Oak Ridge National Laboratory researchers working on neutron imaging capabilities for nuclear materials have developed a process for seeing the inside of uranium particles – without cutting them open.
Biological membranes, such as the “walls” of most types of living cells, primarily consist of a double layer of lipids, or “lipid bilayer,” that forms the structure, and a variety of embedded and attached proteins with highly specialized functions, including proteins that rapidly and selectively transport ions and molecules in and out of the cell.
Each year, approximately 6 billion gallons of fuel are wasted as vehicles wait at stop lights or sit in dense traffic with engines idling, according to US Department of Energy estimates.
A novel approach developed by scientists at ORNL can scan massive datasets of large-scale satellite images to more accurately map infrastructure – such as buildings and roads – in hours versus days.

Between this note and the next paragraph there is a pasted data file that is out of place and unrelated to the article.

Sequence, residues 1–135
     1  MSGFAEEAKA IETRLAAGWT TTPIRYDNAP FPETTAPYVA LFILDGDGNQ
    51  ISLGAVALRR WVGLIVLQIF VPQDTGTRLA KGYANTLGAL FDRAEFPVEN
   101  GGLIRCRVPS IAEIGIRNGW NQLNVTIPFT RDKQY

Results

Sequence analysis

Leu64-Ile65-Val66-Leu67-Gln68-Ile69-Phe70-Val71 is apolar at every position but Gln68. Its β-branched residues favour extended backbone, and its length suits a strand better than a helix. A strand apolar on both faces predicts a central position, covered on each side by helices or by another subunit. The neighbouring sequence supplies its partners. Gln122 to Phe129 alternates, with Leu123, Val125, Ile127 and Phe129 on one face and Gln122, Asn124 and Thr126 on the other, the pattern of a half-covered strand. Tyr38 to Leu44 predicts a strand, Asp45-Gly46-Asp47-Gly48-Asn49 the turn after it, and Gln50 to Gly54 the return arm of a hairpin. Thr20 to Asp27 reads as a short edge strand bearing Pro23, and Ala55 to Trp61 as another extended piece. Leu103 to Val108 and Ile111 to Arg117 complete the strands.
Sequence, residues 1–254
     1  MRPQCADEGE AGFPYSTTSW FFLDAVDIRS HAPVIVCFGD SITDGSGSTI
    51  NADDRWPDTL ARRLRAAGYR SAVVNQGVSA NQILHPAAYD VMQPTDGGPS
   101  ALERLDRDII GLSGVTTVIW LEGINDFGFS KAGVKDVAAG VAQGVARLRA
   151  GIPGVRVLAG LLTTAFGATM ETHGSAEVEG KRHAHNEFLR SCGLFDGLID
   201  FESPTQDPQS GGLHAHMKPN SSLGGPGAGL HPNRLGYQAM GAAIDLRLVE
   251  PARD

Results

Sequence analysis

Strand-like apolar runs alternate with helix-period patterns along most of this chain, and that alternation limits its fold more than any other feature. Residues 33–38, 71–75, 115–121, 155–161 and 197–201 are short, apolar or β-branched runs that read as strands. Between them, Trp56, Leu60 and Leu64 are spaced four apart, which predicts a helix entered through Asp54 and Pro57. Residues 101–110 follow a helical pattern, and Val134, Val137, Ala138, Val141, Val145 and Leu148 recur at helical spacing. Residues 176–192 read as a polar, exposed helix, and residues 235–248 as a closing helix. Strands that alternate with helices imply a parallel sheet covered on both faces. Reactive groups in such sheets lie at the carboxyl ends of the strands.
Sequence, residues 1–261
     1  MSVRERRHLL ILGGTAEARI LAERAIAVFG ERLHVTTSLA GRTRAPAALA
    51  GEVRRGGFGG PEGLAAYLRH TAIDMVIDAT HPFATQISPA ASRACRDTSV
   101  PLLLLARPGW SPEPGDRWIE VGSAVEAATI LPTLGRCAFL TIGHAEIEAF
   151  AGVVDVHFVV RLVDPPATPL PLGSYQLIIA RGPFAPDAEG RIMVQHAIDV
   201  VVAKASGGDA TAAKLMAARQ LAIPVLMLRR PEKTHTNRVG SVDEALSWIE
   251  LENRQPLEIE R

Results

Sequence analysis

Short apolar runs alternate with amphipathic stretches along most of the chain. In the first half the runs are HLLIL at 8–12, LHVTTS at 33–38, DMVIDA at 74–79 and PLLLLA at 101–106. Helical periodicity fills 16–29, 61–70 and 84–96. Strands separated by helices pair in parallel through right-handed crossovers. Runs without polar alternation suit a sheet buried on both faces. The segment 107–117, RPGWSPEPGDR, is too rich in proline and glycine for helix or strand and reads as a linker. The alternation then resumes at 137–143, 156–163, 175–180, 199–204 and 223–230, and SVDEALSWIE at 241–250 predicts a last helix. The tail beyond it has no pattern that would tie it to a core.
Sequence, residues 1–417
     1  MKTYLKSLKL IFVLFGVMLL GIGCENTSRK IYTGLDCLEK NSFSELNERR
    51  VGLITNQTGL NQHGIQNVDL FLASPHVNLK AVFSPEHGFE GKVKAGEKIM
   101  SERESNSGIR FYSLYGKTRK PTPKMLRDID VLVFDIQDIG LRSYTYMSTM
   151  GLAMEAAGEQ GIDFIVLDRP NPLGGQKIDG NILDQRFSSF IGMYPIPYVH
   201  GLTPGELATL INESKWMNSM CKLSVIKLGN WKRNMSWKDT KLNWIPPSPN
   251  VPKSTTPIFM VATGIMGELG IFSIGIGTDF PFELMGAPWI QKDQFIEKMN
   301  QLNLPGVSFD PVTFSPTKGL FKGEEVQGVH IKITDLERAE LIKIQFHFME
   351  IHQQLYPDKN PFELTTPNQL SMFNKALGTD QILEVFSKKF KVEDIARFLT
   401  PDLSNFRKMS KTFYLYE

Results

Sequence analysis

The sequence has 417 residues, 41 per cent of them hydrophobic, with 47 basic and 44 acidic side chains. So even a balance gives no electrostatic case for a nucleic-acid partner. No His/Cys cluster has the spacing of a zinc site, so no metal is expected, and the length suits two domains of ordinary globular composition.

Illustration of the optimized zeolite catalyst, or NbAlS-1, which enables a highly efficient chemical reaction to create butene, a renewable source of energy, without expending high amounts of energy for the conversion. Credit: Jill Hemman, Oak Ridge National Laboratory/U.S. Dept. of Energy
Students often participate in internships and receive formal training in their chosen career fields during college, but some pursue professional development opportunities even earlier.
Scientists at the U.S. Department of Energy’s Brookhaven National Laboratory have new experimental evidence and a predictive theory that solves a long-standing materials science mystery: why certain crystalline materials shrink when heated.
A team of scientists found that critical interactions between microbes and peat moss break down under warming temperatures, impacting moss health and ultimately carbon stored in soil.